When I asked him how he felt knowing that something he worked on was so far away, his answer was quite short and honest in a humble engineering sort of way: "pretty fantastic"! So absolutely fantastic, indeed!

Whence has the spirit of exploration gone, and how can we keep it strong?

Oh, and when was the last time it needed a reboot?


Comment Re:No easy answers (Score 1) 388

A friend of mine just got a job as a research physicist studying fusion, after a few other career moves in real estate, big oil companies etc. In his own words, it is "real science, a real job, and a real pursuit". I'm somewhat inclined to agree with him.

I'm with you - I build business software applications for a living, and it pays the bills and affords a certain degree of freedom. However, at the end of the day I find myself struggling to answer the question, "what will the lasting contribution of my work to our lives or society be?". I don't need to be famous, but will I have contributed anything other than just my existence? Perhaps it doesn't matter if I make a major contribution or not, or maybe we make them without even knowing it.

That said, I'd much rather be figuring out how to mitigate human suffering, contributing in a meaningful way to human knowledge or simply be researching how to make living/surviving in extreme conditions (i.e. the "new" weather patterns on our planet, space, underwater) better.


Comment Social bookmarking? (Score 1) 311

What's with all the hosted bookmarks/social bookmarking sites looking like they are going to close down all of the sudden? XMarks nearly did, but they sold out to somebody else. Maybe that company (lastpass?) can buy delicious too and maintain both products.

Comment Re:That's pretty cool. (Score 1) 158

Sure, you're right. Perhaps it's a bit of wishful thinking showing through. Nitpicking aside, is it not a positive trend that we are getting annoyed by stories of people trying to send up these balloons? There has to be some reason multiple people have been motivated to do more of these "experiments" or whatever you want to call them. I'm HOPING it's because they are interested in space, science, and fun.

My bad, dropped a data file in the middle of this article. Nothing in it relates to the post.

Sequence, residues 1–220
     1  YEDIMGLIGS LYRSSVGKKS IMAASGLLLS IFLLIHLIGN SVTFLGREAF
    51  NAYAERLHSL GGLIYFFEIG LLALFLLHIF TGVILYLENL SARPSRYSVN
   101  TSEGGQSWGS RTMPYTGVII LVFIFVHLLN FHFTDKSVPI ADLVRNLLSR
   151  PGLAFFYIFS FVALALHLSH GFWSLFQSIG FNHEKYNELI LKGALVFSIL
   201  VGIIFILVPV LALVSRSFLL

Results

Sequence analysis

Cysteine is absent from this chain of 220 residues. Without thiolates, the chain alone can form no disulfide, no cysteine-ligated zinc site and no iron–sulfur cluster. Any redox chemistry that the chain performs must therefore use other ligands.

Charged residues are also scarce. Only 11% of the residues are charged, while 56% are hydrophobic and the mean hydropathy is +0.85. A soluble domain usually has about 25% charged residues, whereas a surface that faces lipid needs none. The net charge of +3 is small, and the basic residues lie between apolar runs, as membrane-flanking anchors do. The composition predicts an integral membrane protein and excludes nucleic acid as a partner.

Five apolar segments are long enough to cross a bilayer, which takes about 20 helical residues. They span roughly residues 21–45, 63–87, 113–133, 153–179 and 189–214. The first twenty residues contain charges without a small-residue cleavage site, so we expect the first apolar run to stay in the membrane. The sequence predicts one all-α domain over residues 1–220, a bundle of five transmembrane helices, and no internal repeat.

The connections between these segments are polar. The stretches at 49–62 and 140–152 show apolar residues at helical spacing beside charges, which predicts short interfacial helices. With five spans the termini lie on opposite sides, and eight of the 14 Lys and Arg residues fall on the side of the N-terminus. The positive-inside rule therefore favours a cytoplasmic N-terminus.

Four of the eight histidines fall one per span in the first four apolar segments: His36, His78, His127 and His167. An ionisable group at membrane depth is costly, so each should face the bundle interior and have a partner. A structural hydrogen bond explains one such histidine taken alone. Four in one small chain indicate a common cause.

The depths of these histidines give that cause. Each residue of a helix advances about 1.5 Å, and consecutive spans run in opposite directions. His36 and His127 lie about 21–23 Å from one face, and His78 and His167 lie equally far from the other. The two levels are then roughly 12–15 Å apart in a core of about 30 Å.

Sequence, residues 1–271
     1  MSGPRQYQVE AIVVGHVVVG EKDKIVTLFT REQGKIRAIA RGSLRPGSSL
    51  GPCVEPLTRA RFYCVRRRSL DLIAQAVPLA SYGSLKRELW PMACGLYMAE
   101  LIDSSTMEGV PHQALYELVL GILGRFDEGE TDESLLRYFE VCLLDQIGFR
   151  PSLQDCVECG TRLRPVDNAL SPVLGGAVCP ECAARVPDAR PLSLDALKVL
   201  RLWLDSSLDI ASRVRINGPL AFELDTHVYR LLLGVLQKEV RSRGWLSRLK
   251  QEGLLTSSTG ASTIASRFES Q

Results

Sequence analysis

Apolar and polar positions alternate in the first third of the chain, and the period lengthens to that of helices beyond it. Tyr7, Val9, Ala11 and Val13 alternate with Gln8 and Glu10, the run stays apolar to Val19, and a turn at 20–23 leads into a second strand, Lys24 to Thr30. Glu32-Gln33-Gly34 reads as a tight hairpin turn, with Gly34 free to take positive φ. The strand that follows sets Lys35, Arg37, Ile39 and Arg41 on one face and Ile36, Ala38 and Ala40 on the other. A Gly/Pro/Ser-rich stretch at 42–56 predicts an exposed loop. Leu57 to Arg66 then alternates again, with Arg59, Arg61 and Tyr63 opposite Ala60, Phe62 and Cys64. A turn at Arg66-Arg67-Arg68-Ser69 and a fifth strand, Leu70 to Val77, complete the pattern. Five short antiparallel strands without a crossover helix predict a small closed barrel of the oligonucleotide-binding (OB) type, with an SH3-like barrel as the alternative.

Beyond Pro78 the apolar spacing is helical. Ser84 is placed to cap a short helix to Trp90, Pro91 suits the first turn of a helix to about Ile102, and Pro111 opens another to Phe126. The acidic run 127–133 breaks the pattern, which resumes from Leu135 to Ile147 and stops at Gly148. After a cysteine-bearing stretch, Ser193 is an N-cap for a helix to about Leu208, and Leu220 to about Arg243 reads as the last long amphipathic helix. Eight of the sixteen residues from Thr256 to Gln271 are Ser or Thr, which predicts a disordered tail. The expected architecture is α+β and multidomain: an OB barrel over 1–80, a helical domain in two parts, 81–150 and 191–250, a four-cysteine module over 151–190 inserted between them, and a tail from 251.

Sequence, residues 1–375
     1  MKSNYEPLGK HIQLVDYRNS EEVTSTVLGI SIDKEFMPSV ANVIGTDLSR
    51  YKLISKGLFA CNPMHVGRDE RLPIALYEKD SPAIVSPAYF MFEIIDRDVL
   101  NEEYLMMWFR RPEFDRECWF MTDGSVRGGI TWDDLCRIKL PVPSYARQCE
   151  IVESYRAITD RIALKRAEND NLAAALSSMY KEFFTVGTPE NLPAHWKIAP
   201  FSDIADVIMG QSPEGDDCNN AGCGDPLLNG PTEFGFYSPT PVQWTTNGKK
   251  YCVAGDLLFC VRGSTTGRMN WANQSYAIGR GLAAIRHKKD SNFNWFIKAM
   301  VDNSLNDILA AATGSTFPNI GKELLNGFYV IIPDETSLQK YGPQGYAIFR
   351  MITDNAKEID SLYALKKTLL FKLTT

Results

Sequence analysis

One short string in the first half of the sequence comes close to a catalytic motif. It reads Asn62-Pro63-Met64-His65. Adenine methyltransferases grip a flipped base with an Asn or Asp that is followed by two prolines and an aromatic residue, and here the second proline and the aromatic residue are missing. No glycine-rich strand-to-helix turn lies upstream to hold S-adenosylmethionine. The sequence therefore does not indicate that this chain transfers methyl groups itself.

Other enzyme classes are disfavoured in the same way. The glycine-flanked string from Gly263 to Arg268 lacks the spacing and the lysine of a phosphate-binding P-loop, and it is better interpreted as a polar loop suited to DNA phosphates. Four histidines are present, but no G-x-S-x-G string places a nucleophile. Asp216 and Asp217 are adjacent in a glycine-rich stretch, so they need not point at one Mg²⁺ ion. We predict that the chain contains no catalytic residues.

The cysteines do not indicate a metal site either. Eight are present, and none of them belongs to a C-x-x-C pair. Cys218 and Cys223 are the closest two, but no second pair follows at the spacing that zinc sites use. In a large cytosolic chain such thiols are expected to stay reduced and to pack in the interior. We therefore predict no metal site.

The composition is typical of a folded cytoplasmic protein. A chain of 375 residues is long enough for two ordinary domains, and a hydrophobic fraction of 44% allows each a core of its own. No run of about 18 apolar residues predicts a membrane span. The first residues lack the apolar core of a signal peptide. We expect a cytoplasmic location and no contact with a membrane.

Comment Re:That's pretty cool. (Score 5, Insightful) 158

I would hope that we would rather consider the meaning of the fact that the general public has an interest in reaching space again, and by doing it themselves. Sure, maybe a balloon to the upper reaches of the atmosphere is not anywhere close to launching an Atlas rocket, but I for one am glad that people are still dreaming, and experimenting!

Comment Re:Simplicity (Score 1) 394

Hello, devil's advocate here... I totally agree with the sentiment that keeping things simpler is preferable, and that there are problems created by programmers who either don't care, are trying to preserve their job security (or pad their resumes with buzzwords), don't know better, or don't take the time to think out the design/maintainability of what they are doing.

On a recent project to provide real-time, asynchronously updating, data-driven, interactive graphs and gauges on a modern web application, I had no choice other than to make use of: HTML, CSS, jQuery, Javascript, XML, Flash, PHP, CodeIgniter framework, SQL (MySQL), SimpleUnit, etc. It is always frustrating to realize that we basically have to program in 6 or so different languages/tools (or more) to accomplish something. As you pointed out, even I probably omittted a plethora of other little utilities, supporting infrastructure or OS functionality that was used to support this app.

So, I know your circumstances might have been specific, but, how else do you propose one to meet such a requirement, given today's bag of technology options? The complexity today is just the nature of the beast........ which is why it's ever more important to try darn hard to K.I.S.S.